The majority of the game has you travel to various worlds, all based around different Disney/ Pixar franchises, including Toy Story, Frozen, and Pirates of the Caribbean. Each of these worlds doesn’t exactly further the overall plot of the game, a common complaint about many of the Kingdom Hearts games, but what you do get is essentially a watered-down version of the films’ original plots. I enjoyed visiting these worlds - perhaps less so than previous games – mainly because other than Toy Story, I don’t really have a childhood connection to the other films. That’s not to say they aren’t interesting and fun worlds to explore, with a plot I enjoyed following along with, but for me the nostalgia factor certainly played a role in my enjoyment.

To go into too much detail would not only be spoiling it for those who have yet to embark upon this journey spanning multiple console generations, but it would just take far too long for me to explain. Just know that until the final third of the game, there isn’t much in the way of story that would serve to wrap up the “Dark Seeker/ Xehanort” saga. Once you hit that final stretch of the game though? Oh wow, Kingdom Hearts fans are in for a real thrill ride.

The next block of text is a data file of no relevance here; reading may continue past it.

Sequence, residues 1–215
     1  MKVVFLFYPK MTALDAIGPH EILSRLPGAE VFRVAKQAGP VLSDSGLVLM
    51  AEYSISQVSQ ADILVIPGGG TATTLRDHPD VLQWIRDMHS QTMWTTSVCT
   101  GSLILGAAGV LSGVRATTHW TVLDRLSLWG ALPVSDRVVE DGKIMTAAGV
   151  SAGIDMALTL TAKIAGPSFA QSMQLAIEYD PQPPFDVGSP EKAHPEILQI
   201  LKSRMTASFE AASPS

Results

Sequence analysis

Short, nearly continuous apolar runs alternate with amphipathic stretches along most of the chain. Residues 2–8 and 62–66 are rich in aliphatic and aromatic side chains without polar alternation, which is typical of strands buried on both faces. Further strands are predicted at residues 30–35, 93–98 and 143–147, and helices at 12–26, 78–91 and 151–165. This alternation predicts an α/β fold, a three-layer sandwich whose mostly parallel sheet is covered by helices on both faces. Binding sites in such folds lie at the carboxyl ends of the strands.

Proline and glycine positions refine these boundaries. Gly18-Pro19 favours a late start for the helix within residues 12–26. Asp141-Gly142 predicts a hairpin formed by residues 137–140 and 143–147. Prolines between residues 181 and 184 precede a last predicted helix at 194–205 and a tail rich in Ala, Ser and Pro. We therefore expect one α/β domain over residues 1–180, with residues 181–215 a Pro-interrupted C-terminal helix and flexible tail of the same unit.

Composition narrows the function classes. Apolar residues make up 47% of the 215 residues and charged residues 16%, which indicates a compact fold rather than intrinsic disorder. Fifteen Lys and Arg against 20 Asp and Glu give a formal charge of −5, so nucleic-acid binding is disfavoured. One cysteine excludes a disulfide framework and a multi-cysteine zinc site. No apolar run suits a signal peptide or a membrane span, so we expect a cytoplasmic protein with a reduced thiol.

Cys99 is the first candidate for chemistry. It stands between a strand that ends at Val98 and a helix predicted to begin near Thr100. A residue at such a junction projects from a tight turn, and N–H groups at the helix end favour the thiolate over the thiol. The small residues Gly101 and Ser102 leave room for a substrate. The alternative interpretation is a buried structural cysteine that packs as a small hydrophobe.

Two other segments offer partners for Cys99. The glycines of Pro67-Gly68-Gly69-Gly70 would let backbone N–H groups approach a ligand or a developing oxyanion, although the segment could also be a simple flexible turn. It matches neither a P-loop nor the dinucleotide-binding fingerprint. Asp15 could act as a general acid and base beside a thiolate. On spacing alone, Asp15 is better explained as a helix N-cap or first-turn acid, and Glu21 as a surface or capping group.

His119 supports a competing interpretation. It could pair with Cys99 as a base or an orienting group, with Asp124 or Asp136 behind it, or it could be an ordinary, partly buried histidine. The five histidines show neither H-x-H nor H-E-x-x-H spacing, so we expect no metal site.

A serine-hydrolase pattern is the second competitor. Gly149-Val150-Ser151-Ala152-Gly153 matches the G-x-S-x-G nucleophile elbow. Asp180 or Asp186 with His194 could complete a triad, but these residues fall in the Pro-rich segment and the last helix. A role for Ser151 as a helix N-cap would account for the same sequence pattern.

389

A frosty reception in Arendelle

Gameplay Greatness

Like most of the Kingdom Hearts games, gameplay is a fast-paced, hack and slash affair, but with many more layers than just “Press X to win”. You spend the majority of your time fighting a wide variety of uniquely designed enemies, with their appearances matching the world you’re currently in. Aside from a few very short sections, you control Sora, who wields a weapon known as the Keyblade. What’s interesting this time around is that Sora now has the ability to transform his Keyblade after enough hits have landed, known as a “formchange”, giving you more ways to stomp those pesky Heartless. One example is the Shooting Star Keyblade, which “formchanges” firstly into the Double Arrowguns which lets you zip around the battlefield taking shots at anything unlucky enough to be in your line of fire. Rack up enough hits with these and you’ll get another change in the form of the Magic Launcher - a shoulder mounted cannon that can absolutely decimate groups of enemies. It’s all very flashy, with particle effects and satisfying audio cues really making you feel like the hero Sora was destined to be.